How smoking affects your heart
Smoking is one of the worst things a person can do for their health and smokers are almost twice as likely to have a heart attack compared with people who’ve never smoked.
Inhaling cigarette smoke increases the risk of getting heart disease, including having a stroke or a heart attack because it forces your heart to work harder than it should have to.
Smoking tobacco in cigarettes, roll ups or in any way at all:
- damages the lining of your arteries, leading to a build-up of fatty material. This makes them narrower and harder to get blood through
- reduces the amount of oxygen in your blood
- makes your heart beat faster and raises your blood pressure
- causes your blood to clot more easily
Teenagers used to be drawn to smoking because they thought it was cool. However young people are now far more health conscious and two-thirds of teenagers say smokers are less attractive than non-smokers.
Each cigarette contains 4,000 chemicals. Smoking:
- kills someone every 6.5 seconds
- increases your chances of getting cancer
- increases your chances of getting gangrene and needing foot or leg amputation.
- can make men impotent (unable to maintain an erection) and can reduce fertility in women
- costs the average smoker £28 a week, or £90,000 in a lifetime.
If you have a heart condition, it is especially important to avoid putting your heart under greater strain. he good news is that these effects and the health risks start going right down the minute you’ve given up.
Useful links to help you quit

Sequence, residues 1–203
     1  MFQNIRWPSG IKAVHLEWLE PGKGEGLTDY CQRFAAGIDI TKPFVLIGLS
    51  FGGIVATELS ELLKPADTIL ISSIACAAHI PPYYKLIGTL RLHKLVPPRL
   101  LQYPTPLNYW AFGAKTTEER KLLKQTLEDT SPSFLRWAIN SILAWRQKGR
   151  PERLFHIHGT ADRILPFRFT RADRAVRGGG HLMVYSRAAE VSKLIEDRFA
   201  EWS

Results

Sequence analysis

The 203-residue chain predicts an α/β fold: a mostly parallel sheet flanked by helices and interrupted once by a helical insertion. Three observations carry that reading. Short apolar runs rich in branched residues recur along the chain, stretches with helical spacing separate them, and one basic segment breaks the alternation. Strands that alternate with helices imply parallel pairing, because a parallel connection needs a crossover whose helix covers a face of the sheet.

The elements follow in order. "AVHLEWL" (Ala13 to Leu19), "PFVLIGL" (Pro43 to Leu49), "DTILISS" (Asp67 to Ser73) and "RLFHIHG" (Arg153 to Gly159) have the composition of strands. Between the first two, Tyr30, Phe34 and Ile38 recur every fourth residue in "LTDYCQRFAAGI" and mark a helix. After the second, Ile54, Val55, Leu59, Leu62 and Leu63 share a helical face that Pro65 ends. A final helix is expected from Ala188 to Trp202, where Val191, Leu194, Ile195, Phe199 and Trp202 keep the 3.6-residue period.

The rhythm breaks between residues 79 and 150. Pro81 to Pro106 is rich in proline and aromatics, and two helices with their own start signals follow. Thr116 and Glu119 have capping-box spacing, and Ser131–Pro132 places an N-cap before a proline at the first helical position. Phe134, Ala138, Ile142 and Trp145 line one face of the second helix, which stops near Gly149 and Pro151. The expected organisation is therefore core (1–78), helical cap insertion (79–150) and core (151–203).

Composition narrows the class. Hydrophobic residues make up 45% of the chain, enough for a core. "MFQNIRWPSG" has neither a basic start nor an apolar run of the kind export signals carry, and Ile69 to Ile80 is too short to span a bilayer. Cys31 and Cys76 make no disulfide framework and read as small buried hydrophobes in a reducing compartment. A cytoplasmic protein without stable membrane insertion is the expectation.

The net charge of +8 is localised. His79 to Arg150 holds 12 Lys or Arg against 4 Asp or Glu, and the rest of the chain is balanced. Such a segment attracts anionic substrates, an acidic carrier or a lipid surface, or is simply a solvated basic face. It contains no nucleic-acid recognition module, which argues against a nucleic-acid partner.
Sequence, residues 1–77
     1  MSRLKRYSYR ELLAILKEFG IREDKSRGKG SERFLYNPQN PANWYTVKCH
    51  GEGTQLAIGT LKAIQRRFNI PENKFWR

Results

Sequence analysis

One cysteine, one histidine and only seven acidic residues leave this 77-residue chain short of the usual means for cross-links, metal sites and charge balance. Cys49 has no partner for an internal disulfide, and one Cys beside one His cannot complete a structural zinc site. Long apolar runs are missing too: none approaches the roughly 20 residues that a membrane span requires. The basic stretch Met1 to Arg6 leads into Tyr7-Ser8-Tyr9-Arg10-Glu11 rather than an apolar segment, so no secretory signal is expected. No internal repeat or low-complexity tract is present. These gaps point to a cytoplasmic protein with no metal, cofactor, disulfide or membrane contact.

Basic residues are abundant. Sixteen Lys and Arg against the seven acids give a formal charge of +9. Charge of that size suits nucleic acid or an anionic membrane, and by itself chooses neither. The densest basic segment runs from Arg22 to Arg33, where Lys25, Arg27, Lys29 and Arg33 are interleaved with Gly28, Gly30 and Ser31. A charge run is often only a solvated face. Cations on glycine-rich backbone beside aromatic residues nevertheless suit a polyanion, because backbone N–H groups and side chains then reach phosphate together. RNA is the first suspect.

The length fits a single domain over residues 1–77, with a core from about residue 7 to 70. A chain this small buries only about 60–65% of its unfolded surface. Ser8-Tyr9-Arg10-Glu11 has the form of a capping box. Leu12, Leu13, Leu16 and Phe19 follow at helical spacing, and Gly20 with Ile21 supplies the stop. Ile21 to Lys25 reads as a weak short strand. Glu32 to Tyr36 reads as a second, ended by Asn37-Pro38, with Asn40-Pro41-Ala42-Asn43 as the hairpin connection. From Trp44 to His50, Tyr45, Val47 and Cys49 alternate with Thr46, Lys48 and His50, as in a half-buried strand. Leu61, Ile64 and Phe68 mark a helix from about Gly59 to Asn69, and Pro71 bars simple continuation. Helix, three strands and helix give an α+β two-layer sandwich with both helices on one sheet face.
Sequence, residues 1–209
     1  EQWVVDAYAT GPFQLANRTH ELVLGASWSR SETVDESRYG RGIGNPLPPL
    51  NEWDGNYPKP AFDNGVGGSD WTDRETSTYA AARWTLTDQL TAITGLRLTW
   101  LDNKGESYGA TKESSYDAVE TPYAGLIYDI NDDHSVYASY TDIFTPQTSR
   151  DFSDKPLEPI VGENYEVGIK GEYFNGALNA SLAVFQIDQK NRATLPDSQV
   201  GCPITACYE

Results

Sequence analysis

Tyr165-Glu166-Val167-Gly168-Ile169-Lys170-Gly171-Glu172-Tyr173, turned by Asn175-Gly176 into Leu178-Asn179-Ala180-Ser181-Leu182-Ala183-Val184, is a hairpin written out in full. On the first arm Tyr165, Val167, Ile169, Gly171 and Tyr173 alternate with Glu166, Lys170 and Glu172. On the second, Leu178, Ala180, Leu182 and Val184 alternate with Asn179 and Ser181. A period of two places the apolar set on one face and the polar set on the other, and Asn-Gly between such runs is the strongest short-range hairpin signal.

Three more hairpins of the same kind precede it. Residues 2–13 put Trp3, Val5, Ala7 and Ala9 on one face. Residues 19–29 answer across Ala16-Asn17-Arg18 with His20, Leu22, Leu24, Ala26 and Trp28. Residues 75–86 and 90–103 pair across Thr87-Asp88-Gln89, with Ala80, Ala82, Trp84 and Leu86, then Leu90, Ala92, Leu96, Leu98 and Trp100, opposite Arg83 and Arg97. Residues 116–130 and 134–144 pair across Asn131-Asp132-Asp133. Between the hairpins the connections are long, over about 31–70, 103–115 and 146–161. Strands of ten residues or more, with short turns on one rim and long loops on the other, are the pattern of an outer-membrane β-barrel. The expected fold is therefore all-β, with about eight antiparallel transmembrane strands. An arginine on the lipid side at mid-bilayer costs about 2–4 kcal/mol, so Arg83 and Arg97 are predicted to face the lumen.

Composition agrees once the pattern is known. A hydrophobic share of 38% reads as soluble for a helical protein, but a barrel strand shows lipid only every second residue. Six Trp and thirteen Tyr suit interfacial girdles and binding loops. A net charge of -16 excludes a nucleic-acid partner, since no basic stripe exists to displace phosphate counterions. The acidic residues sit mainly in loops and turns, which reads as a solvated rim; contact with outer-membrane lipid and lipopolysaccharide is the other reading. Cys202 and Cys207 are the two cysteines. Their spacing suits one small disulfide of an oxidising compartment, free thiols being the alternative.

NHS Smokefree, 0800 022 4332
How drugs affect your heart
Illegal drugs and so-called ‘Legal Highs’ can have dangerous effects on your heart and body. Make sure you are armed with the facts so you can keep yourself safe.
Drugs that increase heart rate and blood pressure
The drugs that can put a strain on your heart causing irregular heartbeats, heart attacks and strokes are:
- LSD (acid, blotter, liquid acid, micro dot, smilies, tabs, trips)
- Cocaine (coke, charlie, crack, snow, blow)
- Amphetamines (speed, fet, base, billy, whizz)
- Ketamine (Special K, K, ket)
- Crystal meth (Ice, glass, Christine, Tina)
- Mephedrone (meow meow, miaow miaow, MCAT, meph)
- Cannabis (hash, weed, grass, skunk, marijuana, dope, puff, ganja, pot, joint, reefer, kazoo, blunt, zoot)
Drugs that reduce heart rate and blood pressure
These drugs slow your breathing and possibly can stop your heart
GHB (GBH, liquid ecstasy)
- Heroin (brown, skag, smack, gear, H)
- Poppers (amyl nitrate, butyl nitrite, ram, thrust, liquid gold)
Drugs that increase risk of death from pulmonary oedema
The drugs that can cause a pulmonary oedema (when fluid flows back into your lungs causing extreme shortness of breath) are:
Drugs that increase risk of endocarditis
Endocarditis is a life-threatening heart condition caused by injecting drugs like:
Drugs that increase risk of irregular heart beats and black-outs
- Sniffing solvents such as glue
This can possibly cause sudden death.
Drugs that increase risk of heart disease
Cannabis when mixed with tobacco and smoked
Legal highs can also cause many of the effects described above. Just because they’re not illegal doesn’t mean they’re not dangerous. All drugs have many other side effects and affect everybody differently.
If you have a heart condition, make sure you support your health by avoiding illegal drugs, legal highs and any form of smoking.
Talk to Frank, 0800 776 600
Do you want to meet other young people like you?
Are you over 13 and living with a heart condition in the UK? Join one of our young peoples support programmes.
They are a great way to get information, help and support, and meet other young heart patients at free events.
Find out more